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Rutgers Experts offer tips for avoiding Foodborne Illness in Summer

NEW BRUNSWICK, NJ (Middlesex County) – Rutgers experts warn the chance of contracting food poisoning is heightened during the summer months as the temperature starts to rise. 

Executive and medical director of The New Jersey Poison Control Center, Diane Calello, explains that food poisoning peaks during the summertime because warm temperatures allow foodborne germs to multiply quickly.

“It’s important to remember the ‘danger zone’ as it pertains to food safety: The risk for food safety increases  between 40 degrees fahrenheit and 140 degrees fahrenheit,” Calello said. “The effects of food poisoning can happen between a few hours to a few days after ingestion. Symptoms may include nausea, vomiting, stomach cramps, diarrhea and fever.”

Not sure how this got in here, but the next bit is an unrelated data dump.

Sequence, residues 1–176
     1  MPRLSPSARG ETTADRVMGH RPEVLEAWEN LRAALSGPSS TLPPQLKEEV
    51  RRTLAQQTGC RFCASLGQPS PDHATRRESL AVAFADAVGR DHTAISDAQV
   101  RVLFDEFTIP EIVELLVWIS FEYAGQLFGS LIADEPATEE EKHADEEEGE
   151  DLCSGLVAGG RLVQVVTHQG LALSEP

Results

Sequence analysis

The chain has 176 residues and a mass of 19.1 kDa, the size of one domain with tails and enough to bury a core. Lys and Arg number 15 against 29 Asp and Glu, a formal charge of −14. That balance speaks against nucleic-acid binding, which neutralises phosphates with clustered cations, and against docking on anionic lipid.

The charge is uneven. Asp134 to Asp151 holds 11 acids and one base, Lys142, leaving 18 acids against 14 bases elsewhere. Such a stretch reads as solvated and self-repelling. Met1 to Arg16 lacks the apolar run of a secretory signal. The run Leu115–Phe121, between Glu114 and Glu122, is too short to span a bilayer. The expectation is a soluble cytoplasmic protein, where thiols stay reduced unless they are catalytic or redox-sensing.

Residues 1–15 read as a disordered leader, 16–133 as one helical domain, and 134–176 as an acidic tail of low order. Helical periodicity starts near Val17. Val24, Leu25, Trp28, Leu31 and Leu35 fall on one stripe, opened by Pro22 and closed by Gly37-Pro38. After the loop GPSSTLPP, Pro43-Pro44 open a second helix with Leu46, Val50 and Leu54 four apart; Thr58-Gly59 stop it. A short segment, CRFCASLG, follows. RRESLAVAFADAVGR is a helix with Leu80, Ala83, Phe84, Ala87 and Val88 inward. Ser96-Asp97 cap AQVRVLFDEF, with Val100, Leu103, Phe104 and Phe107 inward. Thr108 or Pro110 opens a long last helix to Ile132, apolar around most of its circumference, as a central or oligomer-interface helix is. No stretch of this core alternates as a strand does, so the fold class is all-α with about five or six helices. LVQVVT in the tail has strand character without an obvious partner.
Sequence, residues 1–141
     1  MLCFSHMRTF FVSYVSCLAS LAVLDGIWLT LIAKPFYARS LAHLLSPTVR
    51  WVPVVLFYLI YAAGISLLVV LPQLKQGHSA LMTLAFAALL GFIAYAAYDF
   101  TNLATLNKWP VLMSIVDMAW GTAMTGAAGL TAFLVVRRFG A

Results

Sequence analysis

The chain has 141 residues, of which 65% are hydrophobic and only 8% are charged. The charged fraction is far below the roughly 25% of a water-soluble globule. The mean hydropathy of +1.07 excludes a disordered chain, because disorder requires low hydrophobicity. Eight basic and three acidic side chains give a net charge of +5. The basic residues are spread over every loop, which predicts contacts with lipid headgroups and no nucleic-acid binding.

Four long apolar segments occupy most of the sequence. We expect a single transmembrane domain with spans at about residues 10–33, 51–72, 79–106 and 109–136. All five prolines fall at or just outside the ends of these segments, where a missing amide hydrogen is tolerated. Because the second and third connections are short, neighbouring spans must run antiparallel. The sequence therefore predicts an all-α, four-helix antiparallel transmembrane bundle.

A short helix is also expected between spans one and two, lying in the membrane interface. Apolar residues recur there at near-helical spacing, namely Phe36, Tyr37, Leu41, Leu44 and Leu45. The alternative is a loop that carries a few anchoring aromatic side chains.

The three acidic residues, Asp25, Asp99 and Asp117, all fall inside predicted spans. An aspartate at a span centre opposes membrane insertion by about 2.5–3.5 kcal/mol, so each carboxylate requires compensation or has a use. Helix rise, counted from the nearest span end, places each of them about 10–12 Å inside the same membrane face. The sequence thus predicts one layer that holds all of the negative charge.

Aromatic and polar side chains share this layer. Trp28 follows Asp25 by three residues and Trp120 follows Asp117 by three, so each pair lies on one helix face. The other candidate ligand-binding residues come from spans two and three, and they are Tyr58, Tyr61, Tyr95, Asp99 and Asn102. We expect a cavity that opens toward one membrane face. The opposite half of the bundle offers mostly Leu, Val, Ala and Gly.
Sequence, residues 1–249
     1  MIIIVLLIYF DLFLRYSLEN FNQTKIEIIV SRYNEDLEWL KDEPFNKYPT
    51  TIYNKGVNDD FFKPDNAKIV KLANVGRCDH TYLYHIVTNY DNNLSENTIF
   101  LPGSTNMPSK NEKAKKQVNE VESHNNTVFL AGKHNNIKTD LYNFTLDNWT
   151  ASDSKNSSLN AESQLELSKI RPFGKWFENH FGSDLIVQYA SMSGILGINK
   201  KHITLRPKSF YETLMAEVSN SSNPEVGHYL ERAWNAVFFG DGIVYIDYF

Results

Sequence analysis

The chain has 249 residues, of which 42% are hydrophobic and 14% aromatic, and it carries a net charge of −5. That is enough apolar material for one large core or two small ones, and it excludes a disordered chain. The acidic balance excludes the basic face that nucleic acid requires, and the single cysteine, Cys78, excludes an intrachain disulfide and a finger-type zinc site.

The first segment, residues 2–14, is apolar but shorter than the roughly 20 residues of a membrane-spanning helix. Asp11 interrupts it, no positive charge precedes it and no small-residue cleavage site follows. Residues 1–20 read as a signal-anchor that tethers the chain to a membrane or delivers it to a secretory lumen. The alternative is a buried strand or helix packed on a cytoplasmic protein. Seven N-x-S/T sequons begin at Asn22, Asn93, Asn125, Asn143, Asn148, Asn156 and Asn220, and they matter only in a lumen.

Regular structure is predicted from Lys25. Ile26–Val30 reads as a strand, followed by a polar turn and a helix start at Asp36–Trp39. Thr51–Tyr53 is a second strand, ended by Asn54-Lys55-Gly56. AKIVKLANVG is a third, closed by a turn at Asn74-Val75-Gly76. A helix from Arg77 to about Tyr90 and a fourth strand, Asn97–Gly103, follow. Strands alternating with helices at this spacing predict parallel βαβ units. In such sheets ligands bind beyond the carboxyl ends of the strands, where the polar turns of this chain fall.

Calello goes on to explain that no one should prepare food if they have any kind of respiratory illness or infection, as it creates a risk for guests to become ill. 

Rutgers University experts explain that pantries, refrigerators and freezers should be checked periodically to make sure recalled foods linked to contamination are removed. Not only can meat and seafood products get contaminated but fresh fruits and vegetables as well. 

Here are some basic food safety tips and practices to follow when preparing, handling and storing foods: wash hands with soap and warm water before and after preparing food, wash fruits and vegetables and store them away from surfaces or utensils that were exposed to raw meat, when shopping make sure to pick up your meat, poultry or seafood right before you check out and keep these items separate from other items in your cart.

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By:Callie Wickkiser

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